Similarly, I should have managed my pricing so that I was eligible for a countdown deal during the promotionary period. Most sale sites won’t accept your book unless it’s marked down to 99 cents, which you can either do manually or with a countdown deal, the bonus of the latter option being that for the five days of the countdown deal, you’ll receive a 70% royalty on the reduced-price book. However, since I’d been trying to get fans to consider a title outside their main genre during the preorder period, I launched the book at 99 cents, meaning that I had to make twice as many sales to break even with each ad (due to the 35% royalty). Again, raising the price to $2.99, waiting for the 30 days Amazon requires between price change and countdown deal, and then setting up a real sale would have been a better bet. As an added bonus, the countdown deal would have shown the higher price with a slash through it, so the customer would have known they were getting a great deal.
Summary: More patience on my part would have made this sale period go much more smoothly!
Mistakes aside, my paid promotions are still likely to break even by the end of the month. I chose 13 paid promotional sites spread out across 13 days, paid $370.50 for the privilege, and (if borrows bring in $1.33 like they did in October), I will make $260.51 for the first 18 days that the book has been live. I could have brought in quite a bit more, though, if I’d focused on the winning sites and avoided some expensive losers, so I thought I’d report my results to keep your own costs down. (Of course, keep in mind that the results of each promotional site is likely to be genre specific, and that some sites probably attract readers who were more turned off by my lack of perfect reviews than others. But, still, this should help you get started.)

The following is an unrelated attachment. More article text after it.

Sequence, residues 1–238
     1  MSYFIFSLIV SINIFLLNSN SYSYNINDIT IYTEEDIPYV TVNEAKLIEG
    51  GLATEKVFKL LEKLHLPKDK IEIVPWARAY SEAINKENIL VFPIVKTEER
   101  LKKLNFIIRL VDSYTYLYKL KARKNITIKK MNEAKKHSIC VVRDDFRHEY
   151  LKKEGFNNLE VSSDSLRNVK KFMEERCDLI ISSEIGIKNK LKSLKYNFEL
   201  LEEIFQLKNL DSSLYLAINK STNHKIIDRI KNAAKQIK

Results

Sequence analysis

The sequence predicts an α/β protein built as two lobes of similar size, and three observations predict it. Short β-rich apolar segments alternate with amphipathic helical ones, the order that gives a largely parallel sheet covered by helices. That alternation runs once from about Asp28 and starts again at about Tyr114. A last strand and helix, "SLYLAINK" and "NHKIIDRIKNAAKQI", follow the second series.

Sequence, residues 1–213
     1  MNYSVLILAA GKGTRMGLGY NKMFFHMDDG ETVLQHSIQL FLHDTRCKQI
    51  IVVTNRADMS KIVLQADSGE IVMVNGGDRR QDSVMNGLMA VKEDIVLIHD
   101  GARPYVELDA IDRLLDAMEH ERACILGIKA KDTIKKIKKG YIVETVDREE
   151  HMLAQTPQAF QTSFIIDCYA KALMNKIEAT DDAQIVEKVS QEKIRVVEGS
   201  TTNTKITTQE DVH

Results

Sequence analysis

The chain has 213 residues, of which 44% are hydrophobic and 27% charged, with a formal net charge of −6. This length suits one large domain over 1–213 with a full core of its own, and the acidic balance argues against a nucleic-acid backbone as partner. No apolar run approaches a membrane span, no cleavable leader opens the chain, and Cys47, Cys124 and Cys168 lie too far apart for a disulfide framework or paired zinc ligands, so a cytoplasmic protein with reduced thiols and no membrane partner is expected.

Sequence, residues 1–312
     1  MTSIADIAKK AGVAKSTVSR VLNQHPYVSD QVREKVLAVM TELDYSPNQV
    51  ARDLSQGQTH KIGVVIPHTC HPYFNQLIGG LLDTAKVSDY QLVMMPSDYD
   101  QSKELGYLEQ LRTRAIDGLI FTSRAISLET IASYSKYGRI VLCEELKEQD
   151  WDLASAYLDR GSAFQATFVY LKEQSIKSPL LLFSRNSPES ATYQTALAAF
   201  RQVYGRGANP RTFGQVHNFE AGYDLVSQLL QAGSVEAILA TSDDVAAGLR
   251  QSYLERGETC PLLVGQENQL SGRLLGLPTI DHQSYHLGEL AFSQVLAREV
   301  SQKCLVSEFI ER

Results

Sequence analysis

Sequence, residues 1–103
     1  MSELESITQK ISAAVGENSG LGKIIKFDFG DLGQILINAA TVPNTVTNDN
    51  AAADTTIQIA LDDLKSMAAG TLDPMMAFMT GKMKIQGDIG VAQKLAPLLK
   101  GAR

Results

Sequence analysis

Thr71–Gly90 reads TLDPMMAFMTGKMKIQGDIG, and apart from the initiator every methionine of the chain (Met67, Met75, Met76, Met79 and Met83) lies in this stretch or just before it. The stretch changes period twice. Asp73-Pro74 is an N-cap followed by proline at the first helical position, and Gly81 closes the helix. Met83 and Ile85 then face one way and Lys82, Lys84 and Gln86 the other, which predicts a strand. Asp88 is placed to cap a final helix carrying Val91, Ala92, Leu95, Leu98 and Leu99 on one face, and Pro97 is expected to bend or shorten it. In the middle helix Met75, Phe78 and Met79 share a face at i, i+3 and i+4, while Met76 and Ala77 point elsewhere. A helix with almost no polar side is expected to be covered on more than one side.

Okay, the chart above might look a little daunting, so let me give you a quick text rundown. The two sites listed in green (Ebookhounds and Naughty List) were both free, but their results were quite good, so I added them to the chart. The other advertisers were all paid, and I listed the net earnings from each, using the assumption that I wouldn’t have sold any other books that day without their help (not a big stretch since the book basically started at nothing). As you can see, some of the cheaper promotions — Awesome Gang ($10), Bkknights ($5), and Sweet free books ($5) did better than the more expensive options. I added the little guys on at the last minute as a way of bringing up the rank of the book before the supposed big dogs hit, since Amazon is supposed to reward slow, organic growth of a book’s sales better than a spike in the rankings from one big advertising blitz. (The former results in a good sales rank that is supposed to stick around longer than the latter.) But now I’m starting to think that lots of these little guys might be a better financial investment than a few of the supposed big dogs!
Because, unfortunately, I was much less impressed by the more expensive promotions that I paid for. I stacked most of the big dogs together, so I have to guess which ones were and weren’t worth the money, but I’ll give you my informed opinions here. Having tried two different $15 promotions through Hotzippy on two different books and lost money on both, I’m now relatively convinced that Hotzippy is not a good use of money (for me at least). I also suspect that Book Gorilla and Kindle Nation Daily (both by the same company) are too overpriced at $50 and $100 respectively to be worth the cash. Finally, since so many people sing the praises of Ereader News Today, I’m going to assume that the expensive My Romance Reads ($75) that I layered on the same day is why that period’s advertising didn’t break even.